Anon, I don't think your reductio ad absurdum argument applies here (though it did make me smile). While there may be some nut-case in NYC trying to develop a slate-wiper bug, I think it far more likely that there ARE any number of such scientists--not mad, but on the gov't (or theocracy) payroll--at work on such projects in the likes of Iran, Afghanistan, possibly North Korea, etc. And we also know that Iran has a standing vow on the table to destroy Israel if it ever gets hold of a nuke. If you were Netanyahu, would you allow that to happen if you could prevent it?

I was just asking what I consider a reasonable question, or series of same: What level of opposition losses are acceptable to ensure a favorable outcome for the U.S? If you live elsewhere and you don't especially care about the U.S., or if you live here but are one of those one-world types who equate killing a Libyan terorist with killing one of your neighbors here at home...then that's your call...mate.

Anonymous said...

Look, I know an absurd distraction question when I see one.
Think you'll find the US has most bioweapons anyway. Or maybe Russia. Who knows. Haven't noticed waves of smallpox devastating the world lately so I guess it's quiet on the evil foreigner bioterrorist front.
I absolutely believe Afghanistan to be have one of the best funded bioweapons programs, didn't I read a leaked report that Karzai had some mouldy cheese in his fridge, the fiend. It's a dual use fridge, oh noes.

Killing a Libyan terrorist or killing one of my neighbours..... facepalm.

Anonymous said...

Plus, if the mad mullahs had a good bioweapon, and they were suicidally irrational, they could have pretty much devastated Israel by now already - no nukes needed.
Float that one to your buddies, I reckon you could get folk really freaked with that, an excellent new twist. Iranian ebola on the subway - silent death stalks our civilization....

Steve Salerno said...

I think you're missing my point, Anon, and I think you're missing it purposely.

Life is a series of "What if's." You can walk around expecting everything to be rosy (or at least tolerable), and most of the time you'll probably be right.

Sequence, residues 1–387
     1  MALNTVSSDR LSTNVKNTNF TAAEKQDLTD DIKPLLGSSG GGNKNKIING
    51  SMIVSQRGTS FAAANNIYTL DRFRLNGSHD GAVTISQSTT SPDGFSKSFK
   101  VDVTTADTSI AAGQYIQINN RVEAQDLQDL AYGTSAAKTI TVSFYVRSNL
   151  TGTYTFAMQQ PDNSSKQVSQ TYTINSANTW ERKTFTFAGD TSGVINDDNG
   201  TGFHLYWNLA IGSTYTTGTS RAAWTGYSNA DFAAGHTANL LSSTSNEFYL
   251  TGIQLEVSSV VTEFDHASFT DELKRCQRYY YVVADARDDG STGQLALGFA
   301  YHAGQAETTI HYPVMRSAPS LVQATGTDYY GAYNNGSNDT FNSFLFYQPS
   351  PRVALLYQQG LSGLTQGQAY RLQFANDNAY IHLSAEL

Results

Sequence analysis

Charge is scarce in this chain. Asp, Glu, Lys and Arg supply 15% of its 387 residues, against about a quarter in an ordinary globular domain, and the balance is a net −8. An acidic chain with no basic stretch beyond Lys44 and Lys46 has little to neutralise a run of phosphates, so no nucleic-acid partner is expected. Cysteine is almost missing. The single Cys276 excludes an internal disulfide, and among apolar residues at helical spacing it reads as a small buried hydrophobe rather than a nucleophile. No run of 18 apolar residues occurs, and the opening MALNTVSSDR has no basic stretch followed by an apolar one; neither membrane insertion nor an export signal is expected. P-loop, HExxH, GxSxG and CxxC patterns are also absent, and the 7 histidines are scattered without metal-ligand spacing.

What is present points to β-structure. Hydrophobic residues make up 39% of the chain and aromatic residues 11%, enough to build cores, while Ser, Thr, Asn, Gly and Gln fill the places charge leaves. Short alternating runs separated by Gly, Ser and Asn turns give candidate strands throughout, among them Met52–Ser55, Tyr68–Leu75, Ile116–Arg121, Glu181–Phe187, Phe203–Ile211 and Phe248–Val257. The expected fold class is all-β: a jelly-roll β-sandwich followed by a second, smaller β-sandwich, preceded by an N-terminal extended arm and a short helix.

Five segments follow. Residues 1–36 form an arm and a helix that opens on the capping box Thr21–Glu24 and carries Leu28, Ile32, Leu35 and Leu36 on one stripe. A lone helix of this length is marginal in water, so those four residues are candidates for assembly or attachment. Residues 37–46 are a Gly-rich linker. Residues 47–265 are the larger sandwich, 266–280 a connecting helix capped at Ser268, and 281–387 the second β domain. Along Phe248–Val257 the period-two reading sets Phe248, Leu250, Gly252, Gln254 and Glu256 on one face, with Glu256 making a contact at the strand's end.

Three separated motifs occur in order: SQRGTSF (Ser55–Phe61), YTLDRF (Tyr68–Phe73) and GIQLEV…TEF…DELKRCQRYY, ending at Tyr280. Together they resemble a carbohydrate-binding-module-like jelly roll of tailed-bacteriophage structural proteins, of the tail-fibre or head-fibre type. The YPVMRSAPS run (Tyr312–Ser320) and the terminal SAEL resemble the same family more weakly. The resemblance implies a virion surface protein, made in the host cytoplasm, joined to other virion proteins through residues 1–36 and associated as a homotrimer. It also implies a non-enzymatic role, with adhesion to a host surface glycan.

But there will always be crazies--bad seeds?--and we live in a world where a few bad seeds (or religious zealots) can wreak unspeakable havoc on the rest of us. (As outrageous as my examples may seem to you, it is often the outrageous examples that clarify the thinking.) Even on a smaller scale these pockets of poisonous thinking are worrisome. Look at the Islamists who run around issuing fatwas over the defaming of the prophet, or who kill their daughters to preserve the family honor. Or look at a dude like Charlie Manson (Jeff Dahmer/fill in your favorite psychopath). Are we all supposed to sit around singing Kumbaya while mad Charlie is slicing and dicing our neighbors...or are we better off preparing for a mad Charlie? Isn't that why we have police and alarm systems and security gates? We try to mitigate what we can. But sometimes mitigating isn't enough. Did you expect 9/11 before 9/11...or were you one of those who would just laugh it off as, "Ah, come on, something like that'll never happen..."

nonRon anon said...

Steve, you cannot prepare for a mad Charlie but we do have a legal system to take him out of circulation once he's active.

And there is no way to 'ensure a favourable outcome for the US'--you takes your chances like the rest of us.
Besides, the way the US is currently going is destroying itself far quicker than any amount of mad mullahs could manage in their wildest fantasies.

Its just unfortunate that the US self-destruction is going to impact so badly on the rest of us.

RevRon's Rants said...

Those who would do us harm already have the weapons they need. And they have the personnel in place to use those weapons. What we have to realize is that we cannot stop them militarily, and certainly not with military exercises in the Middle East. The best we can do is mount a three-pronged effort:
1) Maintain vigilance here at home, including the use of some intelligence tools that might seem offensive to Constitutional traditionalists. Not by indefinitely detaining and torturing suspected participants, but I would think that some compromises in our privacy guarantees are worthy of consideration, given the potential threat.
2) Improve our image in the Muslim population by reconfiguring our activities abroad to focus more directly upon aiding the portion of the Arab/Persian population that is in genuine need, as mentioned previously.